“...the days of Johann Sebastian Bach, when music was like a rose blooming on a boundless snow-covered plain of silence...” This sentiment of Milan Kundera was stunningly realized by L’Orchestre Symphonique de Montréal tonight with their solemn performance of J. S. Bach’s Passion According to St. John. In the presence of such serene music all worldly concern dissolved, and the OSM was able to deliver a performance which was spiritual enough for a great cathedral. This rare concert was a part of the ambitious and successful Montréal Bach Festival which promotes the composer’s music in dozens of venues across the city each year.

Kent Nagano © Ben Ealovega
Kent Nagano
© Ben Ealovega

The text of this passion is mostly of Bach’s design, based on the 18th and 19th chapters of The Book of John in the New Testament in which Jesus is tried and crucified. Almost every major composer of J. S. Bach’s time period wrote passions, Telemann even wrote 46, but Bach’s works are by far the most dramatic depictions of scripture, operatic in scope, and surely a precursor and influence to many composers of opera.

Kent Nagano’s OSM contained a reduced string section: flutes, oboes and a collection of period instruments including organ, lute, oboe d’amore, viola d’amore and viola da gamba. The chorus arched around the back of the ensemble, and the soloists were placed strategically around the stage to heighten the dramatic effect and promote the idea of character interaction.

Nagano was as brilliant as ever in his preparation and leadership. Batonless, he shaped and moulded the sound of the chorus and orchestra with great care and ease, though often putting his hands down at his sides to let them play on, unguided, as it would have been done in Bach’s day. The versatile maestro was present only when needed, and achieved a kind of ego-less collaboration possible only in Baroque or Classical music.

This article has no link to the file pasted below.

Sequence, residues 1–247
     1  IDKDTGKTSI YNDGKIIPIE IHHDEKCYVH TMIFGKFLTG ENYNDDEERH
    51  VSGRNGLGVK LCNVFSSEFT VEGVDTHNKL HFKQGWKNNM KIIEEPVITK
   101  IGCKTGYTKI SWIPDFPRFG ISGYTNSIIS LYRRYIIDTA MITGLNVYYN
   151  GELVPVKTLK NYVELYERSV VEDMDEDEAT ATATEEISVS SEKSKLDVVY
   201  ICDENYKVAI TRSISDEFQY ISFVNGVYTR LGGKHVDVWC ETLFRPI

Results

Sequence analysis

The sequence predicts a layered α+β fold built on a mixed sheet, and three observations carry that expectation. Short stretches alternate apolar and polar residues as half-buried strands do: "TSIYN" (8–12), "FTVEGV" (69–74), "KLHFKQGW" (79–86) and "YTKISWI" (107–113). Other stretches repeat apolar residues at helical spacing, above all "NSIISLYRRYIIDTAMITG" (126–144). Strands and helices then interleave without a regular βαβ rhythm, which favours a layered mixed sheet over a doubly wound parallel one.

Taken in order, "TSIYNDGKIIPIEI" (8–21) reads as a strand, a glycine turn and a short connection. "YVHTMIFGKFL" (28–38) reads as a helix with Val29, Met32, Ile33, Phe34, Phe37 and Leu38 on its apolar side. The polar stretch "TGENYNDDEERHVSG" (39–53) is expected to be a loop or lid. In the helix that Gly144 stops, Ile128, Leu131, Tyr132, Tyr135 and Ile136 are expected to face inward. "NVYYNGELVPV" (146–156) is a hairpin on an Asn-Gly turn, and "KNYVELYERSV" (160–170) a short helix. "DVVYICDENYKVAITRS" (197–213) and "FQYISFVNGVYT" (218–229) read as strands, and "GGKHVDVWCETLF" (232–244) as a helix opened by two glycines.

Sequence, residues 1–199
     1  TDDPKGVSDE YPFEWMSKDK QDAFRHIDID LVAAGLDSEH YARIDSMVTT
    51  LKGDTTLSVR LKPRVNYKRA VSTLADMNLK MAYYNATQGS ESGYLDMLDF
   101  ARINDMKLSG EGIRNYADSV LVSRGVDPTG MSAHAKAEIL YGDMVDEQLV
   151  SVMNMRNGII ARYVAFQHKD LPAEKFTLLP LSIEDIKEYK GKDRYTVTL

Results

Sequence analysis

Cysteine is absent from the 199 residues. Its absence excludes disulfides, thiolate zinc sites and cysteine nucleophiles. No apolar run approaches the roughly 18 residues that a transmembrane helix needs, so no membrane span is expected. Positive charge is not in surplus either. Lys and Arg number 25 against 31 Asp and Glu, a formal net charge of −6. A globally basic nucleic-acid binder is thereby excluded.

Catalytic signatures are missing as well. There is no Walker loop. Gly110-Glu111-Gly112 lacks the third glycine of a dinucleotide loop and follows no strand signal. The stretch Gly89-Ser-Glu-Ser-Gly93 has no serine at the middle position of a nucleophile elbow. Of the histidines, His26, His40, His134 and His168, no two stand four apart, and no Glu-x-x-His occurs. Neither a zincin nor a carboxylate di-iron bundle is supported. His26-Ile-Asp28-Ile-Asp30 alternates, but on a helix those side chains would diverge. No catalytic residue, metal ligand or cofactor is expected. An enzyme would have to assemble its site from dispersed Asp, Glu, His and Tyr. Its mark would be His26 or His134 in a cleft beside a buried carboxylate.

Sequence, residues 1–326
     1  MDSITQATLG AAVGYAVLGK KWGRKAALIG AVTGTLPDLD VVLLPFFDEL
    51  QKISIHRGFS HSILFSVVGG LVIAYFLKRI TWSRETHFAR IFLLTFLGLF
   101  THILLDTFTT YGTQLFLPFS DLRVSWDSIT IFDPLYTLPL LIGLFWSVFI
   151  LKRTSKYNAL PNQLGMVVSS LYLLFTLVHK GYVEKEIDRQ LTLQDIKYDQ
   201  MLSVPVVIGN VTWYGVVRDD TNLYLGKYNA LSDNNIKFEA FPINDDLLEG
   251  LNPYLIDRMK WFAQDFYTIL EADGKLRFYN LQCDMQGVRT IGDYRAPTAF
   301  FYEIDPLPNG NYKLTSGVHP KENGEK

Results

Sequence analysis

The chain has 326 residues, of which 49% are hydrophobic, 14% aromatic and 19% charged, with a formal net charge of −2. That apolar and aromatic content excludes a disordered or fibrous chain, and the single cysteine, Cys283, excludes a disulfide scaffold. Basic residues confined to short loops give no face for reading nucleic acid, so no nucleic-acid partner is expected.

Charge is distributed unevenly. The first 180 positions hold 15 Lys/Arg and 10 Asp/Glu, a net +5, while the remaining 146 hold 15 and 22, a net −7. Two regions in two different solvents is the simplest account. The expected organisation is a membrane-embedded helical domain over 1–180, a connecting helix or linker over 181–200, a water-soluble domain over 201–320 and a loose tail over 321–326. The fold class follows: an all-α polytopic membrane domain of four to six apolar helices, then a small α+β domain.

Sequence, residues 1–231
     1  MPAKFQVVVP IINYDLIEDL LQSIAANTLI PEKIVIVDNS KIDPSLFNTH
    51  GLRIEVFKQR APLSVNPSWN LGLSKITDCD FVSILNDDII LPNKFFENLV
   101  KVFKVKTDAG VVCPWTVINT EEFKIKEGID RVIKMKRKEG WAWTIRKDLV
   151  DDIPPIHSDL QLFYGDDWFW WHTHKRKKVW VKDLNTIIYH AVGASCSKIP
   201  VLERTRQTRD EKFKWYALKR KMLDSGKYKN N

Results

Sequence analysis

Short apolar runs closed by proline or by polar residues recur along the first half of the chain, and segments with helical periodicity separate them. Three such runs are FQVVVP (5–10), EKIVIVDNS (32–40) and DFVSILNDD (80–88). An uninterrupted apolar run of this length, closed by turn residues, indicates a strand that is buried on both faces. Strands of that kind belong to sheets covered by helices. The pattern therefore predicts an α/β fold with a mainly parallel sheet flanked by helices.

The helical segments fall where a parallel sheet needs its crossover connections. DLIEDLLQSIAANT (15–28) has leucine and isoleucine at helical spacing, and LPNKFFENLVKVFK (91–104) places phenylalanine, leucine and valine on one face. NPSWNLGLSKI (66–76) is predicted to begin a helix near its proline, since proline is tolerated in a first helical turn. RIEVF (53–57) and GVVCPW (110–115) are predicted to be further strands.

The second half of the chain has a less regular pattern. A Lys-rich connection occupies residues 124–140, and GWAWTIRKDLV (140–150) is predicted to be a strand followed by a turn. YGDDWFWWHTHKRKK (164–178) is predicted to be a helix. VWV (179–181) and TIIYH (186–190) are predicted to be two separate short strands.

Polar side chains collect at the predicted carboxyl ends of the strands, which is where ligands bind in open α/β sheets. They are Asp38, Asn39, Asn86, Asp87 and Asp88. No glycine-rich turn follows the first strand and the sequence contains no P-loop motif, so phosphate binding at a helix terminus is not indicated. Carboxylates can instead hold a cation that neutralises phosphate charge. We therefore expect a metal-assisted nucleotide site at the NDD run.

The OSM accompanied the unfolding drama with a supremely lush tone - all delicate nuances and ornamentations clearly audible in the hall. Tenor Christoph Genz, singing the Evangelist, acted the part of storyteller in masterfully delivered recitative. His voice was light and nimble, reaching high into its upper range with total ease. At all times Genz was connected to the drama and the text, propelling the story forward with concision and sensitivity. His consistency produced a wonderful unification and a sense of linearity in the concert.

Markus Werba’s Jesus was as complex and nuanced as the character himself. The text often portrays Jesus, after experiencing the worst betrayal, rejection and agony, in a state of total calm and forgiveness. Werba’s voice reflected this characterization with a rich, comfortable and flexible tone, never strident, and always confident and musical.

Though present only in short interjections, bass-baritone Philippe Sly’s portrayal of Peter and Pilatus stood out in the performance. The recent winner of the MET’s National Council Auditions Competition, Sly has firmly established himself as an impressive young talent. His operatic experience served him well in the portrayal of Pilatus, a deeply conflicted character, who is pressured greatly by the public to follow through with Jesus’s crucifixion despite doubts of his guilt. Sly’s voice is completely natural, as if speaking, and thoroughly imbued with character. This is certainly a musician to watch.

One can’t help but be struck by the surprising operatic flavor of this work, and by the intensely expressive text-painting Bach writes in to the music. Curiously, the most emotional moments in the piece are dealt with in the most Baroque fashion: shouts of “Crucify! Crucify!” and “We have a law, and by that law he ought to die!” are set in fugue, major-key in mode, but containing within all the maliciousness present in the text. The chorales, interspersed within the drama, are oases of repose and serenity, rich with suspensions and containing some of the most expressive music and text in the whole work. These were magnificently sung by the members of Andrew Megill’s OSM Chorus.

Once again, Kent Nagano and the OSM proved their versatility as interpreters of great music from any time period. Truly great things are happening in Le Maison Symphonique de Montréal.